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Carl Dukes went from DJing clubs to holding every job there is in a radio building. Now he is dominating 92.9 The Game in Atlanta. Check out his conversation with Stephen Strom.

iTunes: https://buff.ly/3xYq3Oe 

Spotify: https://buff.ly/3JVYgDp   

iHeart: https://buff.ly/3JWPFQS 

Google: https://buff.ly/3w9RBzX 

Amazon: https://buff.ly/3psPDGZ  

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BSM Writers

Terry Ford Couldn’t Say No To 107.5 The Game

“In Columbia, South Carolina Gamecock fans are in 150 percent. These people love football. The Atlanta experience, the taste of it in Lexington really gave me a good foundation for what we have here in Columbia.”

Tyler McComas

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If he had to put a number on the big decision he made last year it would be 150 percent. Sure, leaving Lexington, KY and 96.1 WZNN didn’t happen without long thoughts and consideration for Terry Ford, but the opportunity to work for one of the most respected names in the business was too much to pass up.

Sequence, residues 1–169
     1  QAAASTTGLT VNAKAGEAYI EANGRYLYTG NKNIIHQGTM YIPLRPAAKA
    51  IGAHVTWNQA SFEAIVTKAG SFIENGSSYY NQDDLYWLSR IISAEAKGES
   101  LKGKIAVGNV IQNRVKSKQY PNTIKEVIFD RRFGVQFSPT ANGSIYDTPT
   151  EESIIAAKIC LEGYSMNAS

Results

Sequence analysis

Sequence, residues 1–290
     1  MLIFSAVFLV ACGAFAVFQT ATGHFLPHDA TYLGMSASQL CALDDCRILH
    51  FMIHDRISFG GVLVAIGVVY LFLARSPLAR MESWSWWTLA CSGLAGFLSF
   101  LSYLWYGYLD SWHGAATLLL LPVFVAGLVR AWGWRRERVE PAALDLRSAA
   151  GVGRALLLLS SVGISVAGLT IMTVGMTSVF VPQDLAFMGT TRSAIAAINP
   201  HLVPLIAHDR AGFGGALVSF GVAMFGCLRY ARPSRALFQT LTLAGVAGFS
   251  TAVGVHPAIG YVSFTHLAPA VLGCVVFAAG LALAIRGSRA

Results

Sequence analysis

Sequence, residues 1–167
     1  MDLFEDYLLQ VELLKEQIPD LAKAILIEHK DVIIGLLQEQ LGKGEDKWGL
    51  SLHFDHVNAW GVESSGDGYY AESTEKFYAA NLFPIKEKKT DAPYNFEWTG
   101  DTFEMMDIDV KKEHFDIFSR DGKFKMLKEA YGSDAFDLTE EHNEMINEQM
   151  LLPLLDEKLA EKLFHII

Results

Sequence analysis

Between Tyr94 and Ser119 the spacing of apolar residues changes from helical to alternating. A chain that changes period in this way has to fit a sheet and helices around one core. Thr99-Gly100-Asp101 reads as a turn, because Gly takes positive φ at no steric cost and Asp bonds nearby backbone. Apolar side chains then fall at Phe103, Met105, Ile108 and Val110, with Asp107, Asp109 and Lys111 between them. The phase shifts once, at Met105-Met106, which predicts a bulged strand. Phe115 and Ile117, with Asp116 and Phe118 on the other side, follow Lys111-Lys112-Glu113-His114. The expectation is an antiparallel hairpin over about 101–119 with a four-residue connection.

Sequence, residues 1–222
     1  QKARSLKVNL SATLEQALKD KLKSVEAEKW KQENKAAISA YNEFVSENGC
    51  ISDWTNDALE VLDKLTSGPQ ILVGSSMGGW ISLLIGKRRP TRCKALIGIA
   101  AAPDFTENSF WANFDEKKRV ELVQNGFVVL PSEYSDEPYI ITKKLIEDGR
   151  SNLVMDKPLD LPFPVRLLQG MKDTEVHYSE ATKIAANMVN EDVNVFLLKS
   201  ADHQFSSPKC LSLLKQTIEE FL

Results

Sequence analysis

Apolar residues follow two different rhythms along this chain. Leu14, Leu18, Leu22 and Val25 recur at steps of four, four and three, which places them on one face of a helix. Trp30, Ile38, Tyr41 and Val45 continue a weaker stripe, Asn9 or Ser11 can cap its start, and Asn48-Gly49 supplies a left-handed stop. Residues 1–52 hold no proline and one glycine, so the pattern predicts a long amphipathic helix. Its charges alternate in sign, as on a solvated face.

In late November of 2021, Ford was named the new program director and host at 107.5 The Game in Columbia, SC. The opportunity originally came about during a conversation between Ford and Jason Barrett. Ford had always wanted to work with Bruce Gilbert. Barrett knew this, so when the position under the Cumulus umbrella opened, he urged Ford to consider the position.

“I’ve always wanted to work for Bruce,” Ford said. “Jason told me there was an opportunity to work with Bruce and I talked to the market manager Tammy O’Dell. She was fantastic. Everything was just too good. It was 150 percent the right decision. This has been nothing but a phenomenal experience.”

Columbia is the exact market you think it is. Situated in a college town, which breeds incredible passion for Gamecock athletics. South Carolina has had success in basketball and baseball, but to its core, it’s like most other SEC markets in that college football rules the day. To an outsider, that can sometimes be a challenge to immediately grasp and understand. But Ford is no outsider when it comes to the SEC. His previous stop was in Lexington and he even did a stint in Atlanta at 790 The Zone. He knows the landscape of the SEC.